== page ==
The relationship between a mother and a daughter can be conflicted and tenuous at best. Sometimes the ties that bind are slippery slopes that, upon closer scrutiny, reveal how much the mother’s disappointments are reflected back to her when she gazes at her daughter.

When the author of Unraveling Anne begins her story, she jolts the reader with the fact of her mother’s tragic end immediately. She describes how others react to the word. She says:

“My mother was murdered.

“It’s a shocking word, murdered. I don’t like to use it. But it is the truth. Murder is the only word that honestly describes her death. So sometimes, when someone asks what happened to my mother, instead of holding onto this word, toying with the small pain of it as if it were a loose tooth, I go ahead and spit it out. No matter how many times I do, no matter how many people I tell, the raw strangeness of the fact of my mother’s death never changes….”

Thus begins the chronicling of a life, by first reenacting her death. Years before, when the author first learned of the tragedy, she was living on the opposite coast; her journey to deconstruct her mother’s life and death begins twenty years later with a visit to LA and an examination of the murder book.

Saville’s descriptions of growing up in LA in the sixties and seventies and the ongoing party that was her mother’s life are interspersed with tales of her mother’s beauty, her art, and how the daughter felt proud of her in those moments. But as the party guests morph from artists, musicians, and celebrities to street people, and as Anne’s drinking consumes her life, there now remains an eerie and gritty detritus that shows little resemblance to what once was. The beautiful model, designer, and golden girl has toppled into disarray.

The moments of pride fade away, and the author recalls “taking care of herself,” but she adds that this necessity helped her develop self-reliance. There was also a supportive presence of a grandmother nearby, along with the libraries where she found comfort after school, and even teachers who built up her self-esteem.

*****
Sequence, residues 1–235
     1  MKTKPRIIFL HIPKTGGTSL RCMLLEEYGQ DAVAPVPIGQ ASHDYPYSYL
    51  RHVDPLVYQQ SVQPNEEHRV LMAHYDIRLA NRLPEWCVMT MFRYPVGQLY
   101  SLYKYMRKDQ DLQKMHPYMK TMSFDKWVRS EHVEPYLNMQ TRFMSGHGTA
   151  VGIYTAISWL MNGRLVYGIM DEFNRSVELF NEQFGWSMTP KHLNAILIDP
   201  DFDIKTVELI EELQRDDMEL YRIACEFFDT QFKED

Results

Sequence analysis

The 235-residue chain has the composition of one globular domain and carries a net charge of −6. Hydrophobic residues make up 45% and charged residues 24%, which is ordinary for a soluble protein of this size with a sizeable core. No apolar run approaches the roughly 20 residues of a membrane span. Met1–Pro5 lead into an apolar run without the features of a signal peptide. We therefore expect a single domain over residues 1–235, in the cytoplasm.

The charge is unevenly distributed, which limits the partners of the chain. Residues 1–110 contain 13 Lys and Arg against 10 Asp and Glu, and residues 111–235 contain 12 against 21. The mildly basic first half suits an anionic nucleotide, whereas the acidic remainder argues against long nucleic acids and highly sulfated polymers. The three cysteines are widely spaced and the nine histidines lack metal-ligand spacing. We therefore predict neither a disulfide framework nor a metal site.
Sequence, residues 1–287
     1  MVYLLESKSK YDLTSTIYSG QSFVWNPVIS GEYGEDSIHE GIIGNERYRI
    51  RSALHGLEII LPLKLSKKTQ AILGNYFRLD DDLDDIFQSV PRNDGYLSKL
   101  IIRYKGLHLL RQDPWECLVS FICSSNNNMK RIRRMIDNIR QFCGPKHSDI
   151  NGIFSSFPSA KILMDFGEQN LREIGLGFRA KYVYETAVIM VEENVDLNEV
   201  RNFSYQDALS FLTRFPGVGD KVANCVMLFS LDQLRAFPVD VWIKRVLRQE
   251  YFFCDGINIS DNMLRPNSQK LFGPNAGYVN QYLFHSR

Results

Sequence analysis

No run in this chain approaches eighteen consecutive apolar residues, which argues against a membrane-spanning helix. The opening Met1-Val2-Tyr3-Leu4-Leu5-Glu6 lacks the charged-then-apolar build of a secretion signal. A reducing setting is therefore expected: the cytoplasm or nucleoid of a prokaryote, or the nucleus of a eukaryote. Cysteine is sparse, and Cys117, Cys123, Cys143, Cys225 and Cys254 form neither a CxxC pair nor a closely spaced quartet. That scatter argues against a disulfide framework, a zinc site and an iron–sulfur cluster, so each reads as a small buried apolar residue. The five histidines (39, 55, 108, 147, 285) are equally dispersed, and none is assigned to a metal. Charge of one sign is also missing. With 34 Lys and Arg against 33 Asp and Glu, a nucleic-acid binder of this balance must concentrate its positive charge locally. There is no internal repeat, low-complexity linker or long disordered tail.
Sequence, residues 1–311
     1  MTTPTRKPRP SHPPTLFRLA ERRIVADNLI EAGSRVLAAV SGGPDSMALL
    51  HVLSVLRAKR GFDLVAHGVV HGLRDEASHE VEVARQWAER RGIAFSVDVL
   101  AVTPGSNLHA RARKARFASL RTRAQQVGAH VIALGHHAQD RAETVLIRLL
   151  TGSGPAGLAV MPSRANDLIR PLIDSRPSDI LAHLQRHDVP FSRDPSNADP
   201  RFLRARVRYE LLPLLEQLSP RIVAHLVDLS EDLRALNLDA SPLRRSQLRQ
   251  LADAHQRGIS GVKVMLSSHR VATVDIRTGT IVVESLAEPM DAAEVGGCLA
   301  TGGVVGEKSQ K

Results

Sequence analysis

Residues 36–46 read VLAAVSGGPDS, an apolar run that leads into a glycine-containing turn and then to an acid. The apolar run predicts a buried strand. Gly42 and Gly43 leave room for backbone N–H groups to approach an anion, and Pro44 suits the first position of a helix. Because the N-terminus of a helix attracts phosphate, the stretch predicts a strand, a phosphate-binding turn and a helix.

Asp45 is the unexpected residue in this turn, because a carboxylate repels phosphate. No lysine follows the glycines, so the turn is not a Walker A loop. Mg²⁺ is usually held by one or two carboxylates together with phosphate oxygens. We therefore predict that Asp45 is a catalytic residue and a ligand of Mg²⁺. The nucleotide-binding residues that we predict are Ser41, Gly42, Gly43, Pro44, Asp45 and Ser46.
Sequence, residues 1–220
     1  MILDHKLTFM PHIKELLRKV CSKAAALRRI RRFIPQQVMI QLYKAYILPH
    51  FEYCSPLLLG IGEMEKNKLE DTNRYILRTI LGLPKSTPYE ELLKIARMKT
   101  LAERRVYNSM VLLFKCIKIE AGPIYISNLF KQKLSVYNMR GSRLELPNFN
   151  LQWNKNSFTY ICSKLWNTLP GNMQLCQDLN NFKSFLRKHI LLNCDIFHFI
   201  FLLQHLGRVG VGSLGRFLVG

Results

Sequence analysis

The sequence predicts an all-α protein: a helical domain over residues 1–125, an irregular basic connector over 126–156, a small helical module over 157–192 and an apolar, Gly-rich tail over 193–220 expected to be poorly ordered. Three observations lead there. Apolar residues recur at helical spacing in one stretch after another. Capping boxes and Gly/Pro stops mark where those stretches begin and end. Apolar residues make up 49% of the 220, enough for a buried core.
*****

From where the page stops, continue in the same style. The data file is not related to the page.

So the story continues, as the author resurrects her childhood and those memories, and then goes deeper into an examination of her mother’s life. She is startled to discover at some point that the grandparents who were the stopgap caretakers were also the two who first helped “create” the fears, insecurities, and demons that taunted her mother. And the generation before them had its own role in the damage inflicted. In understanding those who came before, the author begins to understand and accept who she is, in spite of, and because of, her mother.

In the haunting cover photo, in which the photographer is carrying out the mother’s wish to create “income-producing models or actors,” we see the tattered theater seats set up by the photographer who displayed, along with the author (as a child), the “detritus of my mother’s modeling days—dresses with beads falling off, bright boas that left feathers floating in the air, floppy hats with bent flowers on the brims—”

A gritty, revelatory exploration that was occasionally difficult to follow, as it jumped around chronologically, I still could not put it down. I am awarding this memorable memoir four stars.


When I was posting about these family photos at the university sculpture, I had no photos to show of the one taken five years after the first one.

Except, of course, for the one hanging on the wall.  I considered taking the photos out of the frame and scanning them, but then thought twice about it when I realized how completely the photos had attached themselves to the matte and the framing.

So, as the next best thing, I took a photo of the photo!  This one, in case you hadn’t done the math, was taken in 1984, five years after the first one.  My son also took individual photos of himself and siblings, which you can see grouped around the portrait of the family.

Here’s another view:

The photo hangs, among others, in my office.